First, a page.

Rep. Eric Swalwell (D-Calif. 15th District) is urging his Republican colleagues to get onboard with President Joe Biden's sweeping $2.3 trillion infrastructure plan, saying that the bill addresses many issues that plagued the country even before the onset of the coronavirus pandemic.
"We know that as Americans get back to work, as the economy reopens, we'll be reminded of our crumbling infrastructure," Swalwell told Cheddar.
"Americans want to spend less time in their cars and more time with their families, so that means investing in rails, additional highways, roads, bridges, tunnels."
Swalwell also noted the potential for broadband expansion under the Biden proposal, particularly for students who have lacked access to adequate internet service during the establishment of distance learning.
The president's infrastructure plan calls for a hike in corporate taxes from 21 percent to 28 percent, a move that many Republicans have come out against though the proposal is still below the 35 percent rate that existed before the Trump administration. Swalwell said the GOP has to be "a part of this process" and hopes some are willing to cross the aisle for the benefit of the country at large.
"President Biden ran on a uniting-the-country agenda, and he is reaching across the aisle," Swalwell said. "And I hope he will find partners that will work with him."
"I'm confident, on our side, in the House, we will do what is needed to get done. I hope that on the Republican side in the Senate, that they can achieve 60 votes, meaning at least 10 Republicans cross the aisle for the infrastructure needs that are there."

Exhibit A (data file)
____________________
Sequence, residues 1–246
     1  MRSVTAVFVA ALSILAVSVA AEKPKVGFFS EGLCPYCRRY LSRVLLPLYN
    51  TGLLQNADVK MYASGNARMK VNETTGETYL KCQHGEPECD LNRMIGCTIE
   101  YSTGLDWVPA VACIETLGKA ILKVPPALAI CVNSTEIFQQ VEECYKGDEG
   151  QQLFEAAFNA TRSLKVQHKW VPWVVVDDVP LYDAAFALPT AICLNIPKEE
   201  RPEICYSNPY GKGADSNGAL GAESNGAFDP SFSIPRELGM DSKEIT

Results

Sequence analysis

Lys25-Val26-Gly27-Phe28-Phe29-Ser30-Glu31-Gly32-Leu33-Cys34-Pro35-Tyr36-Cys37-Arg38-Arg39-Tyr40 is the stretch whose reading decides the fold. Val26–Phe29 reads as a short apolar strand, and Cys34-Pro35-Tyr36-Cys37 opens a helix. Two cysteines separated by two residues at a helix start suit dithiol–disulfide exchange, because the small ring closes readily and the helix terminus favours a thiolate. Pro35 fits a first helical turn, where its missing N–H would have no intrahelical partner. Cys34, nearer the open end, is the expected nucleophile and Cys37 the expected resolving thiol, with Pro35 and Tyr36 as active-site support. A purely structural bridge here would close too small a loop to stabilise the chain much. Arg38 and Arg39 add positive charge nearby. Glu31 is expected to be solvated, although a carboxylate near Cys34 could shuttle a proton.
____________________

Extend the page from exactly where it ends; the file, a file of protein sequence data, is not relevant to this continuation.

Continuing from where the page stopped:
In hopes of enticing Republican lawmakers to support Biden's plan, the California representative also pointed to the return of earmarks or "member-directed spending," which allow lawmakers to direct funds to specific projects or groups in their districts. Earmarks were temporarily banned by each party in 2011 after President Obama promised to veto any bill containing them during his State of the Union address.
Senate Republicans voted to permanently ban the practice in 2019 but have shown signs they may be willing to re-embrace them, according to The Hill.
Swalwell noted that not only are Democratic lawmakers supporting the American Jobs Plan, their constituents are also backing it.
"I just think good policy is good politics, and if we keep this country open, if the unemployment rate is low, and the economy grows, like Goldman Sachs predicted at 8 percent by the end of the year, I think Americans will want to return to responsible governance to Washington come 2022," he said.